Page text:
It started with a simple goal: help girls have firmer handshakes (limp noodle handshakes have always bugged me), but it turned into something much more profound.
I began to see that girls could learn to shake hands firmly, but the bigger challenge was overcoming their anxiety about being powerful in the first place. That’s how GLI was born.
Helping girls find and own their authentic voice is no easy task. The reality is that every adolescent will struggle with fears of being judged; isn’t intense self-consciousness, especially the fear that everyone’s watching you, what being a teen is about (and what we all want to forget and never live through again?)? Still and yet, there’s much to be done to help a girl be her true self.
Here are two quick things girls can do:
Be silly. At GLI, we believe being silly is the best way to be yourself. We encourage girls, and their families, to find as many ways to dork out and dance like no one’s watching. Burp the alphabet. Really, go for it – and keep the friends around you who love that part of who you are.
Know your feelings. If you know what’s going on for you – whether it’s feeling peaceful or angry or hurt – you’ll be able to tell people what’s important to you and what you need. You’ll have an anchor to keep you strong in the face of what other people might say or think.
Amy Jussel: I remember seeing this study awhile back “Mean Girls Start in Preschool” which floored me that relational aggression was showing up in 4 & 5 year olds…Can you comment on how this fits in with your findings in either or all of your books? Or does it?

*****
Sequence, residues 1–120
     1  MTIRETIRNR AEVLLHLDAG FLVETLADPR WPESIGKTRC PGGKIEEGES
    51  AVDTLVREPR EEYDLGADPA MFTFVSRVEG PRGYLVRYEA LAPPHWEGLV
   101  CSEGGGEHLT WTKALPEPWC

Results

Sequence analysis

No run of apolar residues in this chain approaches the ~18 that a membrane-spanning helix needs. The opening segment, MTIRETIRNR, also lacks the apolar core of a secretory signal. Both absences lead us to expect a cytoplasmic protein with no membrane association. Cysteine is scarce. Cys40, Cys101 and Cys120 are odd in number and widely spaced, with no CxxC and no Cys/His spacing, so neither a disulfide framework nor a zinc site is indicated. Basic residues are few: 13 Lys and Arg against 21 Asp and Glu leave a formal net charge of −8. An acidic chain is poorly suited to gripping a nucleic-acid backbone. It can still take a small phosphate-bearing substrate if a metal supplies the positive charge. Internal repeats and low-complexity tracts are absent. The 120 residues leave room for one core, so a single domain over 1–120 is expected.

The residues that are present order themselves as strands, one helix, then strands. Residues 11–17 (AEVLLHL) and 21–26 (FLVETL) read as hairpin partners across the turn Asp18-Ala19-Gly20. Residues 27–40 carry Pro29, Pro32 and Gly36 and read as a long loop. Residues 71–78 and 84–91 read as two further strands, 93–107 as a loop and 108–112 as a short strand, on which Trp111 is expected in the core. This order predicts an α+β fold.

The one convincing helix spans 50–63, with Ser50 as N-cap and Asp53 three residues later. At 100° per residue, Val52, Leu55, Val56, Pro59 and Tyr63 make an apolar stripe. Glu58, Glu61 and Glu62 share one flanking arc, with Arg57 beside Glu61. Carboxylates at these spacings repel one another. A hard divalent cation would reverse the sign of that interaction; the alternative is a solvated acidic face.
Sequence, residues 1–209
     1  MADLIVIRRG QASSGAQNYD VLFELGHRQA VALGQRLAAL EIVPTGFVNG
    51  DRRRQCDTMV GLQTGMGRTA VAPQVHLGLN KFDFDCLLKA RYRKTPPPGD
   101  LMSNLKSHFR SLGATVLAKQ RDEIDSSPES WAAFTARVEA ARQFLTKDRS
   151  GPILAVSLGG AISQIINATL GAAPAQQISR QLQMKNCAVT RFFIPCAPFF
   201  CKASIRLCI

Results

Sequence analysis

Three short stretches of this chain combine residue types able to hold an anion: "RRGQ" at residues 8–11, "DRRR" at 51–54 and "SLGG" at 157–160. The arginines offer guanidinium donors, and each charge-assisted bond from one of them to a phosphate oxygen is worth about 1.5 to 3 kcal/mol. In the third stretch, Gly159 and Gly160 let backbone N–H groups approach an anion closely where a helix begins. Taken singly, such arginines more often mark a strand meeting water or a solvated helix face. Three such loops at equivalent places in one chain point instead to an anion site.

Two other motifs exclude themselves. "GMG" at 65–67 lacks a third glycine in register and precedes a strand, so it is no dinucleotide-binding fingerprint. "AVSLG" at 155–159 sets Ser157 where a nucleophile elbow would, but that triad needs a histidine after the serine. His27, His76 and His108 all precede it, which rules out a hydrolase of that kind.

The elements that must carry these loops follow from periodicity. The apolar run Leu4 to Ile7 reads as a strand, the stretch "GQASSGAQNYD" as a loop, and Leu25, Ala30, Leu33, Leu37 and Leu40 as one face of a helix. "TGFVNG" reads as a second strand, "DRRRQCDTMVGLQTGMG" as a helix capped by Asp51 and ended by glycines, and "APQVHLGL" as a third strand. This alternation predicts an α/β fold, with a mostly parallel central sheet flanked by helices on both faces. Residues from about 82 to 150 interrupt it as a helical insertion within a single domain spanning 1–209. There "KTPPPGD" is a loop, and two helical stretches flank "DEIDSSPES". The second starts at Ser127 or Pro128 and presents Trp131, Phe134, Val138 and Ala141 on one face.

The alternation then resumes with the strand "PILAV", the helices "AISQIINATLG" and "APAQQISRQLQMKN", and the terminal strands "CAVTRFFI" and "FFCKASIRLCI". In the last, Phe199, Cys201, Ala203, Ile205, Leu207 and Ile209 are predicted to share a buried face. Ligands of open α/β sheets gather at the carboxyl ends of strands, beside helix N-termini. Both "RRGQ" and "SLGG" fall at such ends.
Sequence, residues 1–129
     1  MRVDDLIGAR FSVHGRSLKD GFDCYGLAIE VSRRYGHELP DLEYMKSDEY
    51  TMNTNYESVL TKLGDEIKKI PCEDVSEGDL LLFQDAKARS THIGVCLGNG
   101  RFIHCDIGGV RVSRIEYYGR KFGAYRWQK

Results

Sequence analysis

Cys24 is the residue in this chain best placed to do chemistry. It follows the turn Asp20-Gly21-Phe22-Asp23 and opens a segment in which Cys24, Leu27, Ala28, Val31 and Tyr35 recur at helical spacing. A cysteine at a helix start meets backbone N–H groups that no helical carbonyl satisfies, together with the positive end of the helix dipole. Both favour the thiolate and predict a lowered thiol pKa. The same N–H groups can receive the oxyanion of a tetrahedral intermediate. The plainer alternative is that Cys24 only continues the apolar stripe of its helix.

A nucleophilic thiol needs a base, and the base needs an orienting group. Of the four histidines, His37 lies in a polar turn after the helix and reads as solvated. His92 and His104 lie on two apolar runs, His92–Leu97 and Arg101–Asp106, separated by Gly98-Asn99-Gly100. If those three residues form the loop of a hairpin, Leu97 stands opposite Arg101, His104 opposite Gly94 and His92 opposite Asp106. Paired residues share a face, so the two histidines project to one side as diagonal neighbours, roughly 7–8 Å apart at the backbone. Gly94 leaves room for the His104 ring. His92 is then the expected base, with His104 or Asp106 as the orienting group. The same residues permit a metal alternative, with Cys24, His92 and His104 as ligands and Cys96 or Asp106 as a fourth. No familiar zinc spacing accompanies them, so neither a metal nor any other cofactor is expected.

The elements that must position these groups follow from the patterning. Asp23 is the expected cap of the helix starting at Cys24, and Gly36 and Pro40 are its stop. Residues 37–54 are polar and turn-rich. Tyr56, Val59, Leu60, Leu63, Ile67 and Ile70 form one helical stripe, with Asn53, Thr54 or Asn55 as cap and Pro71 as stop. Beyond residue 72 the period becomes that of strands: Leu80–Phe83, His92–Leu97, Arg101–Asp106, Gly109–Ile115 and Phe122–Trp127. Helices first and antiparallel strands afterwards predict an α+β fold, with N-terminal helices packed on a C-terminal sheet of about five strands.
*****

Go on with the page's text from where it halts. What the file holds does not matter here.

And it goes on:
Rachel Simmons: Four and five year olds? Relational aggression shows up in girls as young as TWO, and before they can talk: girls can squeeze their eyes shut and cover their ears, communicating nonverbally that they don’t want to be with you anymore. This finding certainly speaks more to my first book, Odd Girl Out: The Hidden Culture of Aggression in Girls.
Teachers all over the world are desperate for resources to deal with the behavior at younger and younger ages. I had a blast working with six year olds in South Africa this year.
In some ways, this finding challenges my thesis in Odd Girl Out: that it’s how we socialize girls that influences their aggression. My experience working with South African girls (at The Oprah Winfrey’s Leadership Academy for Girls and other schools) really brought home how biological some of this behavior may be.
Amy Jussel: The ‘j/k’ just kidding’ passive aggressive slam is a biggie for youth in texting, digital media & verbal circles… What’s a solid one-liner retort to spin a healthier message?
How can we help reframe peer culture so girls can ‘trust’ again?
Rachel Simmons: Kids are not just typing “jk” to be passive aggressive. Now, it’s “lol” “hahaha” and smiley face emoticons designed to make you feel confused about whether or not the person actually meant to insult you.
Here’s my suggestion for a retort:
Girl1: Your house is so lame because your parents are always there.
Girl2: haha totally kidding.
Girl1: Your house is so lame because your parents are always there.
Girl2: didn’t mean it that way!!
You: k thanks
I think “ouch” is a good retort online when you want to signal that something wasn’t funny for you. Just like real life, you’ll probably get a reply like, “jk!” or “I didn’t mean it like that!” You can always say “k” or “k thanks.”
It’s not threatening, but it allows you to acknowledge that something uncomfortable happened – even if the other person did a lame job of explaining herself.
You’ll want to tack on a smiley face or “haha” to smooth it over. Try not to; it’ll help you seem more serious.